By Rina Weaver
Adult Swim’s normal lineup of wacky cartoons and nihilistic sketch comedy was interrupted in 2005 by a smart, controversial, and lavishly animated rendition of The Boondocks. The show followed the lives of the Freeman family, including Huey Freeman, a bright, educated, bitingly hilarious young man; his younger brother Riley, a wannabe hardcore rapper; and their grandfather, Granddad, a cranky war veteran who didn’t share either boy’s worldview. The African-American family lived in Woodcrest, a largely white suburban area (the Boondocks) in which creator Aaron McGruder could analyze, critique, and intellectually trash politics, racial relations, and public figures and popular culture, particularly African-American pop culture.
Based on a comic strip by Aaron McGruger, “The Boondocks” picks up where “The Simpsons” and “South Park” leave off—race. “The Boondocks,” is an African-American version of “Doonesbury” that is, if anything, more politically heated. The animated version of “The Boondocks” is a jolt of shock therapy, especially in the intensively colorblind world of television.
McGruder is unrelenting in his attacks on politicians and celebrities of all races, including President Bush, Sean Combs, Robert Johnson, and the founder of Black Entertainment Television. A week after Rosa Parks’ death, the cartoonist dubbed over a joke about the civil rights activist in an episode mocking R&B singer R. Kelly’s legal troubles. His supporters, including Ms. Parks, engage into a street battle with his more upper-class opponents. In the original, a frenzied R. Kelly fan slams a chicken leg into Ms. Parks and cries, “Sit down! That’s what you’re known for, anyway.”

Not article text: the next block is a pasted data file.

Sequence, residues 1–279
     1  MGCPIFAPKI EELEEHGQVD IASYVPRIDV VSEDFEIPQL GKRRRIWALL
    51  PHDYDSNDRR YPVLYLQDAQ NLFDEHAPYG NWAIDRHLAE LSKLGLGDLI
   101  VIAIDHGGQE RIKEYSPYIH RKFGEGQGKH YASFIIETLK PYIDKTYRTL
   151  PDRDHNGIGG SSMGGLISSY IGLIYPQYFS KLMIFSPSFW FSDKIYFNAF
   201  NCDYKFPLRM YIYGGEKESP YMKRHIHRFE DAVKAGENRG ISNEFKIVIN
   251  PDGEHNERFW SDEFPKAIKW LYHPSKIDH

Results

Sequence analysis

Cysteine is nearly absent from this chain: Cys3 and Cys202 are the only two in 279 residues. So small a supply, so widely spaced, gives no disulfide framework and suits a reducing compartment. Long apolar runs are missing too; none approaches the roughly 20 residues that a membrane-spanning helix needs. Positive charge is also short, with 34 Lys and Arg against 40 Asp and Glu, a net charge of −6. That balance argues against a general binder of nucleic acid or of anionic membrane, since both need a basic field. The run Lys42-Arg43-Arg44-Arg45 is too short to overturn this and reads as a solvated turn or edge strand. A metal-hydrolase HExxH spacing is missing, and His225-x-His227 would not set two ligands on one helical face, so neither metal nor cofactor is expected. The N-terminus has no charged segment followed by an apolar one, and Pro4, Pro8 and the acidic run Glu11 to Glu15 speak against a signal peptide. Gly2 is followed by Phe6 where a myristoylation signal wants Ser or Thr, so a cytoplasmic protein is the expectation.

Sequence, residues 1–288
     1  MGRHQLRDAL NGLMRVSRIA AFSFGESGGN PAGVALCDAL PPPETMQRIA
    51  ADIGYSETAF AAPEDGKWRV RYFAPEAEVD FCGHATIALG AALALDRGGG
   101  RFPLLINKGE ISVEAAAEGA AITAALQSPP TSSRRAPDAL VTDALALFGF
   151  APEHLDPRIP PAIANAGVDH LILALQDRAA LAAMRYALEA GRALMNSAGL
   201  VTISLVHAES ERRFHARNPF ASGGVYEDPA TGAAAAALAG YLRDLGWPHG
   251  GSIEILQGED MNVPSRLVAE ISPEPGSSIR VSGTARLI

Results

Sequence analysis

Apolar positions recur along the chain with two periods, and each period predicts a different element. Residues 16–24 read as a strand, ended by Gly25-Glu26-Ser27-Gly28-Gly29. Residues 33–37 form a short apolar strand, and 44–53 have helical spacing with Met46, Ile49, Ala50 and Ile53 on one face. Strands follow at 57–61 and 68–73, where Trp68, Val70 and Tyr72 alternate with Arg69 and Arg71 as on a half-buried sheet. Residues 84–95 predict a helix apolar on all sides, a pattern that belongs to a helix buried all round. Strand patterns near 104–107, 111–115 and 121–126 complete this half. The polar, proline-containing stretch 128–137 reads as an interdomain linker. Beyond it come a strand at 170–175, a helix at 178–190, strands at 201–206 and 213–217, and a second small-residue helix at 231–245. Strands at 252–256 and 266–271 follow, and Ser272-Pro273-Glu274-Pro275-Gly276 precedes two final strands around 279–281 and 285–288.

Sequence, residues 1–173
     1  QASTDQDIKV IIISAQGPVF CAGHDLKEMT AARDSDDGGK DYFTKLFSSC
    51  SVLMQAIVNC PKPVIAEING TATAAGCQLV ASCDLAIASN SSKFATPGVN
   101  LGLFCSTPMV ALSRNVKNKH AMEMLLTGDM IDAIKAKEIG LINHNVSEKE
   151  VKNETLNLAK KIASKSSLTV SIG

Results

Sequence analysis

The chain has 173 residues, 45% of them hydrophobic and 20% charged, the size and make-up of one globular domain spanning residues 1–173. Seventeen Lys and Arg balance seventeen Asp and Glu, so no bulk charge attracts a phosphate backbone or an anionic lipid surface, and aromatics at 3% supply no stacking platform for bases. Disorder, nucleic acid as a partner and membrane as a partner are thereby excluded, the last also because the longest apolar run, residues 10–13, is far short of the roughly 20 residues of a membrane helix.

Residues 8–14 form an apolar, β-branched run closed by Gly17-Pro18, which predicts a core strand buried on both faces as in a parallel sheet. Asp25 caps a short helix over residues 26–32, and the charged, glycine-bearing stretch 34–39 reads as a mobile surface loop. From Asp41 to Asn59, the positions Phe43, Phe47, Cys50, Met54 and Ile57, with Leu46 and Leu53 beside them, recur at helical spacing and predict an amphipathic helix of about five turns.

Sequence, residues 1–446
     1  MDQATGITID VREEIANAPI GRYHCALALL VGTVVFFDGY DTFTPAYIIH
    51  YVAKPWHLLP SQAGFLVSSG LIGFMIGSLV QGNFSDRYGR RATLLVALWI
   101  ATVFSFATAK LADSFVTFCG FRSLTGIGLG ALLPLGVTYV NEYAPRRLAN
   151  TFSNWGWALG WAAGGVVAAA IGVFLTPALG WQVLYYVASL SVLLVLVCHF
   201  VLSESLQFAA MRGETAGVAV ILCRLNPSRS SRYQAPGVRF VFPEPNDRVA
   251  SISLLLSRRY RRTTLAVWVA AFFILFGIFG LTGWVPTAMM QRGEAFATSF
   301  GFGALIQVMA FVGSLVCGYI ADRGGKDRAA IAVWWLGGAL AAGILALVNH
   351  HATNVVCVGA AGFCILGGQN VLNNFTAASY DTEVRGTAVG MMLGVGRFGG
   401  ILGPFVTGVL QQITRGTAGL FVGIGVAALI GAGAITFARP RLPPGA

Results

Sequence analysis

“The Boondocks” is one of the few programs for young people that deals with race in such a bold and confrontational way. Many other television shows for the young attempt to portray race in the safest way possible.. “The Boondocks” is the one show that revels in the taboos.